China Still 'World's Top Executioner' as Global Death Penalty Rates Fall

China has been named the "world's top executioner" amid a fall in global execution rates, according to Amnesty International, in an annual report.

The report, released on Thursday, found that China executed more people than "the rest of the world combined" in 2017. The organization believes Beijing carried out thousands of executions last year, but the exact figure remains classified as a state secret.

Executions worldwide, not including China, dropped for the second year in a row. There were 993 recorded executions across 23 countries, a figure that is 4 percent lower than 2016 and 36 percent lower from 2015.

Demonstrators march through a courtyard during a rally protesting against the death penalty and in favor of immigration reform, organized by "Catholics Against the Death Penalty-Southern California" during the four-day 2017 Religious Education Congress in Anaheim, California, February 25, 2017. China is the world top executor, according to a report released by Amnesty International on Thursday. Reuters

Death sentences across 53 recorded countries decreased substantially, with at least 2,591 in 2017, compared to 3,117 in the previous year, Amnesty said. At least 21,919 people are subject to a current death sentence.

Professor Steve Tsang, political scientist and director of SOAS China Institute, says Beijing is also reducing the number of executions but the Chinese government is reluctant to release the figures because it is still particularly high in comparison to other countries.

"I don't think we are seeing a rise in the number of executions in China. They are using executions less than they used to," he told Newsweek. "There is also a general tendency towards state secrecy."

Tsang added: "There are a fairly wide range of offences still subject to capital punishment in China. Murder, drug involvement, corruption in a very large scale and some economic crimes all fall under that category."

Last December, Chinese authorities sentenced 10 men to death, mostly on drug-related charges, at a sports stadium, in the southern city of Lufeng, in front of thousands of spectators. After the sentencing, they were taken away and executed.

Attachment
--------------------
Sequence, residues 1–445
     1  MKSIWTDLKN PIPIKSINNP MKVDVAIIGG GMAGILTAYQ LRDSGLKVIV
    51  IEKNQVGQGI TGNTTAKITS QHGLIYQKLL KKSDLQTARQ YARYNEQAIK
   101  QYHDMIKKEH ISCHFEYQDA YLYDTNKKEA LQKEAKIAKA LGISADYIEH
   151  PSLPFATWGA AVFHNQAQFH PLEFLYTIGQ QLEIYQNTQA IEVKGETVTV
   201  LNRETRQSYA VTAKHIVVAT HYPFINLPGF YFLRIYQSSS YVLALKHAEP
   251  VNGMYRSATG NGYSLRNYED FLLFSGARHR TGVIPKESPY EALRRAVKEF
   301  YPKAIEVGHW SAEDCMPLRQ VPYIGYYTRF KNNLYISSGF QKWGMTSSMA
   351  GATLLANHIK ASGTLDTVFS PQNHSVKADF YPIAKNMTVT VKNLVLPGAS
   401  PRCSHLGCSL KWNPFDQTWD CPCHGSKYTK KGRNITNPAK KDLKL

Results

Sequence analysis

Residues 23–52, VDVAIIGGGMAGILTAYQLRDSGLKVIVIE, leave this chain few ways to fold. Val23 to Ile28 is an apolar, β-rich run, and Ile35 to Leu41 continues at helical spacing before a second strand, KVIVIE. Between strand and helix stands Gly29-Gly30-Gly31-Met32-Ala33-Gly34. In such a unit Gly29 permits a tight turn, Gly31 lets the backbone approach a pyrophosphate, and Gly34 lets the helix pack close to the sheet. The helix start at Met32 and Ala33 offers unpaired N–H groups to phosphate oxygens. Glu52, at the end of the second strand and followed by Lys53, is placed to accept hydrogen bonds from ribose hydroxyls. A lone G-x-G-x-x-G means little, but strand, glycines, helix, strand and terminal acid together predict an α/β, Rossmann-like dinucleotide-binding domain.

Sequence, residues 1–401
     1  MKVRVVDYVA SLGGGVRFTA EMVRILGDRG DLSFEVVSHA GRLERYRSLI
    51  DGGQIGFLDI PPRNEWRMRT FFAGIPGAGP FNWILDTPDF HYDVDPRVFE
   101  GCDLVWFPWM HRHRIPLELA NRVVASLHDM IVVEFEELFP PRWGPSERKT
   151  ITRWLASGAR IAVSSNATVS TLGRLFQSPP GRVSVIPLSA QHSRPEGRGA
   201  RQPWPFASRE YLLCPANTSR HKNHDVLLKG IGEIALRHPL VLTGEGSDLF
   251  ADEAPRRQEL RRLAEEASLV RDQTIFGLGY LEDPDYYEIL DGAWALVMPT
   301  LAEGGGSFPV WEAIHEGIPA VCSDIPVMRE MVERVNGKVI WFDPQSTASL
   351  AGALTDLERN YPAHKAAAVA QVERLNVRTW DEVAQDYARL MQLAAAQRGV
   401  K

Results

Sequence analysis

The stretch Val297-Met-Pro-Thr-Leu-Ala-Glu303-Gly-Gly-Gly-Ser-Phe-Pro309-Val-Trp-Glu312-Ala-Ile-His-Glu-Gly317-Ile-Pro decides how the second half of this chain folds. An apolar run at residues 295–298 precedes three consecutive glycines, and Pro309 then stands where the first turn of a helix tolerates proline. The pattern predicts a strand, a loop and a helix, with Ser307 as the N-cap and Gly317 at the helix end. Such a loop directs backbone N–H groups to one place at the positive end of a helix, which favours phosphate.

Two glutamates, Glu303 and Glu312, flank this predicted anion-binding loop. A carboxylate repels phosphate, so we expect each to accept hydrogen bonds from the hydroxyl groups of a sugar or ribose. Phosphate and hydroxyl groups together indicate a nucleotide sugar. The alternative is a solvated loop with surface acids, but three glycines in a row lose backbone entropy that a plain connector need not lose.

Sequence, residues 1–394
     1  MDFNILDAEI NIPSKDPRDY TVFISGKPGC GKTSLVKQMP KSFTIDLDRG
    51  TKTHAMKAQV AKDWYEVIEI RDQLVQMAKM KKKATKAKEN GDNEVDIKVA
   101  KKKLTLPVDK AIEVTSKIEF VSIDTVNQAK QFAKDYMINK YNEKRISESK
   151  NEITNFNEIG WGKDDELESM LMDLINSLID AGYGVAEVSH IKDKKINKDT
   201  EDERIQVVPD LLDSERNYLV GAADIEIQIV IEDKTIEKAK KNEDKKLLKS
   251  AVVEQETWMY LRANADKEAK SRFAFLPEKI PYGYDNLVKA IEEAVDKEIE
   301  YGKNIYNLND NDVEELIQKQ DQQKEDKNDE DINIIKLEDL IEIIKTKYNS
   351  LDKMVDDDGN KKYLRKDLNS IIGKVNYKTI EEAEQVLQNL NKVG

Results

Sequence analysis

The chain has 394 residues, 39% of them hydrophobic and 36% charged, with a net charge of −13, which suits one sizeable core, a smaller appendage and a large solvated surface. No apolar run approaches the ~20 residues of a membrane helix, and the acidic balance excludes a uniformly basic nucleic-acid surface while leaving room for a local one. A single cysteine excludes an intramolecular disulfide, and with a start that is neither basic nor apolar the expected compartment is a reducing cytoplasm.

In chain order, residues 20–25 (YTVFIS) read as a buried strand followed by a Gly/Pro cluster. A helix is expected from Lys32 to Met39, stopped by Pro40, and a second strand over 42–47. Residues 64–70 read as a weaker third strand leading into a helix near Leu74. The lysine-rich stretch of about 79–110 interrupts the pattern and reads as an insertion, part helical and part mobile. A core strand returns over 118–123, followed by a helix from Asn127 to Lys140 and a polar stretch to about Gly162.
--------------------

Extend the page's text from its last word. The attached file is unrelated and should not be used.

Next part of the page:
Lucy Graham, head of Amnesty International's Death Penalty Team, told Newsweek that there is no evidence to suggest the death penalty deter others from committing drug-related crimes.

"It is illegal under international law to execute people and sentence them to death for drug-related crime," she said. "President Donald Trump's statement this year where he said he would like to see drug dealers executed was a really problematic statement."

Graham added: "It's important to note that countries in Asia, who do use the death penalty for drug-related offenses, experience the same level of drug-related crimes as countries that don't use the death penalty,"

An execution chamber is pictured at the Tokyo Detention Center in Tokyo August 27, 2010. Reuters

Despite dropping 11 percent from 2016, Iran holds the highest known figure, with at least 507 executions in 2017. Saudi Arabia followed in second place with a much lower figure of 146.

The number of recorded executions and death sentences increased slightly in the U.S., but remained within historically low trends, with 23 executions last year. America were also noted, alongside Japan, the Maldives, Pakistan and Singapore, for death row inmates with mental illnesses or intellectual disabilities.

The human rights non-profit said sub-Saharan Africa made "great progress" in 2017, with 20 countries having now abolished the death penalty for all crimes. "Death sentences were down substantially, there has been significant legal developments across the region, not only in 2017 but continuing onto 2018," Graham said.